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Hebrew Lesson Number 35:

Going to the Bank

Eran just received a paycheck for his last performances in Jerusalem. Let's join him at the bank to deposit the money and learn how to count in Hebrew, to up to a Million…and more!

Introduction to Lesson 35: 

Going to the Bank

Learn Hebrew Pod - Lesson No. 35

You open your mailbox and see it there waiting for you . . . a paycheck!  It doesn’t matter whether you count in it Israeli shekels or dollars, euros or pounds, it’s an awesome feeling (especially if you weren’t quite sure when it was going to arrive).  As we accompany Eran to the bank to deposit his paycheck, we will learn some very important Hebrew words related to money and banking.

מטבעות ושטרות

In addition, we’ll learn a little bit about Israel’s banking system and her currency--the New Israeli Shekel (or Shekel Chadash).  Like so much in Israel, the shekel represents a blend of the very modern and the very ancient.  It has been the currency of the modern State of Israel since 1980, but its first known usage dates all the way back to around 3000 BCE!


And even if we don’t need to know how to count into the millions to keep track of our bank accounts just yet, we are optimistic that someday we will.  So let’s learn how to do that . . . in Hebrew!

Team Conversation from the Lesson:

Eran, Jonathan and Liat

Our Intermediate Hebrew Level Teachers

Liat: Jonathan! We have not started our Hebrew lesson yet. Me and Eran were just discussing one of the most exciting moments in his life… not Hebrew grammar… rak shni-ya - just a second… we are talking about… money!


Eran: ken… anachnu medabrim al kesef.

Liat: kesef… efshar la-asot harbe dvarim im kesef - there are a lot of things you can do with money…

Eran: ken… im ha-ya li harbe kesef, if I had a lot of money… ha-iti achshav, I would right now…

Liat: Go traveling in Europe for a whole year - nosa-at le-ti-yul be-Eyropa le-shana shlema!

Eran: Get a beautiful red Chevy - Shevrolet aduma, yefeyfi-yaor a Harley Davidson motorcycle - ofano-a Harley Davidson…

אופנוע הרלי דייוידסון

Liat: or both - o shne-hem :)

Eran: ken, or both. aval

Liat: ken, eyn lanu kol kach harbe kesef - we don't have that much money.

Eran: nachonaval, when you entered, Jonathan, I was in the middle of telling Liat that maybe I don't have millions yet… but, today, I did get the money for my performances in Jerusalem last month, so the first thing I did this morning was go…


Jonathan: la-bank.  Now I get it! Okay, I actually think that going to the bank is a very important topic for us to review in our conversational Hebrew lessons. This can be a topic through which we can also continue studying the cardinal set of Hebrew masculine numbers. This is the set of numbers, Hebrew employs for counting masculine nouns… such as the Shekel - Israel’s currencyLiat, ma at omeret?

Liat: ra-a-yon mezzu-yan, Yonatan - An excellent idea, Jonathan. Okay… let me sit here… behind this counter, and Eran, you will stand here, ken, bedi-yuk kacha - just like that… as you just went to the Bank today. Let's try to improvise together, le-alter be-yachada conversation between you and the bank clerk - sicha beyncha ve-beyn ha-pkida ba-bankani ha-pkidayou got it? - hevanta?

פקידה בבנק

למשוך כסף

Eran: yalla, me-ule. bo-i ne-alter - Let's improvise!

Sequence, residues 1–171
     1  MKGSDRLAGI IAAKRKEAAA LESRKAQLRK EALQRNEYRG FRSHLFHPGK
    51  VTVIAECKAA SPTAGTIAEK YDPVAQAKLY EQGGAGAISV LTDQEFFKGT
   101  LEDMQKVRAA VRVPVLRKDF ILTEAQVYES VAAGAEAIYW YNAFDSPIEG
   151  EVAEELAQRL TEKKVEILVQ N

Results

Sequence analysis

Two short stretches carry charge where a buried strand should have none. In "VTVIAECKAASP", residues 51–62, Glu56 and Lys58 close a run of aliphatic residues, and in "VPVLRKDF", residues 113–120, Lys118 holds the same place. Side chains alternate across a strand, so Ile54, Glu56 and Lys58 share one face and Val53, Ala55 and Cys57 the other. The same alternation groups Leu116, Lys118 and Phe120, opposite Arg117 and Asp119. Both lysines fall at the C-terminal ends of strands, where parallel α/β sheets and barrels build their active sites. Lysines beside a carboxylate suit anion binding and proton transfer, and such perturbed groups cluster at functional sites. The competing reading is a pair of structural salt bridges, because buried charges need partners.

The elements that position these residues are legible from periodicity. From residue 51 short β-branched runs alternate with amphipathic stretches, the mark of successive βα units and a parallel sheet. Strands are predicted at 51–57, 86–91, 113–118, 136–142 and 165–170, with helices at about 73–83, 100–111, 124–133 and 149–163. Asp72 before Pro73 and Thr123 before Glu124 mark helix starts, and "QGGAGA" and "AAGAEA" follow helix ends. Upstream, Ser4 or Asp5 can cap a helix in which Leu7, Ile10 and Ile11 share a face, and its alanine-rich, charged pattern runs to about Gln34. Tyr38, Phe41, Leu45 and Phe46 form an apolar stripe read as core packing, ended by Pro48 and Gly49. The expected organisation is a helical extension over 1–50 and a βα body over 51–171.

*Listen to the full team conversation by clicking the A audio/visual lesson at the top of this page. Listen to ‘Going to the Bank’ Hebrew dialogue here


Some Grammar from This Lesson:

Numbers in Hebrew

Jonathan: In Hebrew lesson 5, we began learning the subject of Hebrew numbers. In that lesson, while studying the Hebrew names for the days of the week, we became acquainted with the numbers one through seven, in their ordinal masculine form, from rishon -first, to shvi-i – seventh.

The next Hebrew lesson where we learned about numbers was lesson 8-B when we learned about how to say and ask the time in Hebrew. 

There we mentioned for the first time that basically, Hebrew uses two different sets of words for numbers.  One set for masculine and the other set for feminine.

המספרים אחת עד שתים עשרה על שעון

When saying or asking the time, we employ the feminine set, because in Hebrew, we specifically indicate the time by the hour, and hour is a feminine noun, hence we use the cardinal/counting feminine set of numbers. We learned the numbers achat ad shtem-esre - one to twelve.

Extending our knowledge of the ordinal masculine set of Hebrew numbers, was one of our missions in lesson 9-B.

When discussing the different seasons of the year, we indicated the different months each season takes place at, and through that, studying the ordinal set from rishon – masculine first, to shneym-asar – masculine twelfth.

In Hebrew lesson 14 we took a big step forward on our numbers quest: we learned the cardinal/counting feminine set of Hebrew numbers up to mata-im – two hundred.


On that Hebrew lesson we got familiar with the suffix 'esre' which we use for the numbers achat-esre ad tsha-esre, eleven to nineteen, then we learned the numbers of tens from eser up to me-a from ten up to a hundred

We also learned that in Hebrew, for any number higher than twenty, we use the coordinating conjunction of 've' - 'and'. Twenty one, is actually, twenty and one, and in Hebrew esrim ve-achatForty nine, is actually forty and nine, and in Hebrew arba-im ve-tesha.                               

For counting numbers higher than a hundred, we just say the me-a - a hundred before the tens:

One hundred twenty two – one hundred twenty and two – me-a esrim ushta-im.

Simple isn't it?


*Read and listen to the Full Hebrew Grammar Discussion - Join the Learn Hebrew Pod Intermediate Speaking Hebrew Program.